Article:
Striking the right balance

Three Delhi-NCR life coaches on the simple strategies to avoid burnout while working from home.

Published: 21st January 2022 08:40 AM  |   Last Updated: 21st January 2022 08:40 AM   |  A+A-

WFH, work from home

For representational purpose (Express Illustrations)

Express News Service

We have witnessed a significant shift in the way we lead our professional lives ever since the pandemic. With remote working becoming the norm, people have been grappling with a new set of issues—technical glitches, procrastination, an environment not conducive to work, and more. Another major problem in a work from home set-up is how professional and personal spaces blur. This is also why people often struggle to manage their day properly. 

We speak to life coaches from Delhi-NCR who give a few suggestions on how to make the most of one’s time when working remotely. 

Improving self-discipline
The work from home set-up can prove to be beneficial only if approached with discipline.Uma Mansharamani, a life coach from Gurugram, addresses the same. She says, “In order to be productive, successful, and satisfied, both professionally and personally while working from home, it is important to set rules and observe discipline in following them.” Shivraj Parshad, a public communication and executive coach from Vasant Vihar, suggests that everyone must spend some time at the beginning of the week to schedule their tasks. This, in fact, must also be communicated to others so that productivity is not compromised. It would be beneficial to make similar task lists for both office work and household duties. 

Parshad also mentions that one can follow the Pomodoro Technique while working. In this method, you break your workday into 25-minute chunks that are separated by five-minute breaks (called pomodoros). After four pomodoros, you can take a longer break of about 15 to 20 minutes. “When you are working in a complex and distracted environment, you need to schedule some personal time and some work time. Your productivity will go up because of how focused you stay. Thus, the breaks are as important as the job you are trying to complete,” he adds.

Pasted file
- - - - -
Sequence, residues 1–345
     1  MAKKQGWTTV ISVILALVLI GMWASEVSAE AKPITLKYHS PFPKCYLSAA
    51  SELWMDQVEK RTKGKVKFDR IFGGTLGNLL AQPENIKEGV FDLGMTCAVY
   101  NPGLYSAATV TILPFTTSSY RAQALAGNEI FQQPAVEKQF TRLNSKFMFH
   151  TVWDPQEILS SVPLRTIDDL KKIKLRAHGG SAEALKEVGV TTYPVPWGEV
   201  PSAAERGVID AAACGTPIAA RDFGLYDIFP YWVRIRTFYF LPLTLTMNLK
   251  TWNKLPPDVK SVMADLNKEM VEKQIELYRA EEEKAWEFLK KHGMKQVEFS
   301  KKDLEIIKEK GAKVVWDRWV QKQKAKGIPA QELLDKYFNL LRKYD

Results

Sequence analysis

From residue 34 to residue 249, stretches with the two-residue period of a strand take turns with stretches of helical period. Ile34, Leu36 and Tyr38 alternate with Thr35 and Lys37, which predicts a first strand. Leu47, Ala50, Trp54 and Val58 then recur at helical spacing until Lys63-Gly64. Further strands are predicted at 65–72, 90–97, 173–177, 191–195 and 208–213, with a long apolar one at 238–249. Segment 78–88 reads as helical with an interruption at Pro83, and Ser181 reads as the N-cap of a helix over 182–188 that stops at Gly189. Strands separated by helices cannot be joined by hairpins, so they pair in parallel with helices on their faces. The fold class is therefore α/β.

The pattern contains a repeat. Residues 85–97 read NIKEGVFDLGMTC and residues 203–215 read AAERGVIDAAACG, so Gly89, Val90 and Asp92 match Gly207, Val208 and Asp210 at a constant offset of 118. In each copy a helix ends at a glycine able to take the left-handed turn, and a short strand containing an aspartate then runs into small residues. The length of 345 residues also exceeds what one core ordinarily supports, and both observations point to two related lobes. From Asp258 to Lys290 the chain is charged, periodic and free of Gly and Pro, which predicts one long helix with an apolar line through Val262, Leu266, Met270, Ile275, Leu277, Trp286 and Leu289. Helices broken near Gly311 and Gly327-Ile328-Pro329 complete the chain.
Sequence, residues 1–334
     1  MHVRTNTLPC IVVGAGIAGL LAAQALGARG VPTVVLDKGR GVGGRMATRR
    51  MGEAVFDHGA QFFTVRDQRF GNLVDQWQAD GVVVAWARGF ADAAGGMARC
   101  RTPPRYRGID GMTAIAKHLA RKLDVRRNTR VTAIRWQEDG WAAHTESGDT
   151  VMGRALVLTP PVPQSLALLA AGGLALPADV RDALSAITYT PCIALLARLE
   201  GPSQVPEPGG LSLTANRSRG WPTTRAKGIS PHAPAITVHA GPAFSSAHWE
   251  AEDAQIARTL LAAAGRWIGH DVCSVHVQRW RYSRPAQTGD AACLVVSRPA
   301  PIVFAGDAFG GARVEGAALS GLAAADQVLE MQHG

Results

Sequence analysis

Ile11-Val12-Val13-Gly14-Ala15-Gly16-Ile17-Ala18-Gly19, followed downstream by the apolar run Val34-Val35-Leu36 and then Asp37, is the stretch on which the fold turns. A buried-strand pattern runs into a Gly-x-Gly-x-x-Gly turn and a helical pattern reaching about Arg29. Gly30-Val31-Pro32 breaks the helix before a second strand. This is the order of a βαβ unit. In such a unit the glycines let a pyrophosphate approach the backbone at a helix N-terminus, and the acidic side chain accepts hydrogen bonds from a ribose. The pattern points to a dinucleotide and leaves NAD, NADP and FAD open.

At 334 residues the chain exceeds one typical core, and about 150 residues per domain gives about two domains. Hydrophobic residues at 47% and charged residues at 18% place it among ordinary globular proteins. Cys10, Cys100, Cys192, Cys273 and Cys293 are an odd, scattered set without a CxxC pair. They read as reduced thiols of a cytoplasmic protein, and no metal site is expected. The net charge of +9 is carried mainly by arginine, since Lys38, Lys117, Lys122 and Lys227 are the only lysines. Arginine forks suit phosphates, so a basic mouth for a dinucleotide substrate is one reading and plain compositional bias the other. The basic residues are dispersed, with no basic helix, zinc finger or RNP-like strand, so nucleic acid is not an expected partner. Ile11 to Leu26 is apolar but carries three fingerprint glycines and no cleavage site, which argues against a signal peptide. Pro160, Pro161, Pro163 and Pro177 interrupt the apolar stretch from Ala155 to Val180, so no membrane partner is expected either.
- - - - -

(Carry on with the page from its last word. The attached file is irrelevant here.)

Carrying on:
Comfortable working space can boost productivity and also help an individual improve their performance. The same is achieved when one works in a decluttered ambience. Mansharamani suggests that individuals working from home must designate a certain space in their home as a ‘home office’. “Everyone in the house should be told that when you’re in your ‘home office’, you must not be disturbed. If your kids or spouse break this rule, there will be penalties [like helping with chores],” she says.

Making time for leisure
With the pressure of work, we keep putting off the time required for leisure. While this may initially seem fruitful, it quickly results in burnout. Both Mansharamani and Parshad suggest that individuals must list out their priorities and schedule their day around the same to demarcate ‘me-time’. 

Addressing the importance of taking time off from work, Peyush Bhatia, a life coach from Faridabad, pushes one to set boundaries in order to include rest and recovery in their schedule. “It is important to think about downtime. To focus on a task, one needs to manage their energy, which will only happen if you take the proper time to rest,” she concludes. 



These simple steps can be followed to ensure you have a productive workday.  

Make a task list every day

Work from a designated space

Take frequent breaks

Balance both work and leisure

Follow The New Indian Express channel on WhatsApp


Disclaimer : We respect your thoughts and views! But we need to be judicious while moderating your comments. All the comments will be moderated by the editorial. Abstain from posting comments that are obscene, defamatory or inflammatory, and do not indulge in personal attacks. Try to avoid outside hyperlinks inside the comment. Help us delete comments that do not follow these guidelines.

The views expressed in comments published on are those of the comment writers alone. They do not represent the views or opinions of or its staff, nor do they represent the views or opinions of The New Indian Express Group, or any entity of, or affiliated with, The New Indian Express Group. reserves the right to take any or all comments down at any time.

flipboard facebook twitter whatsapp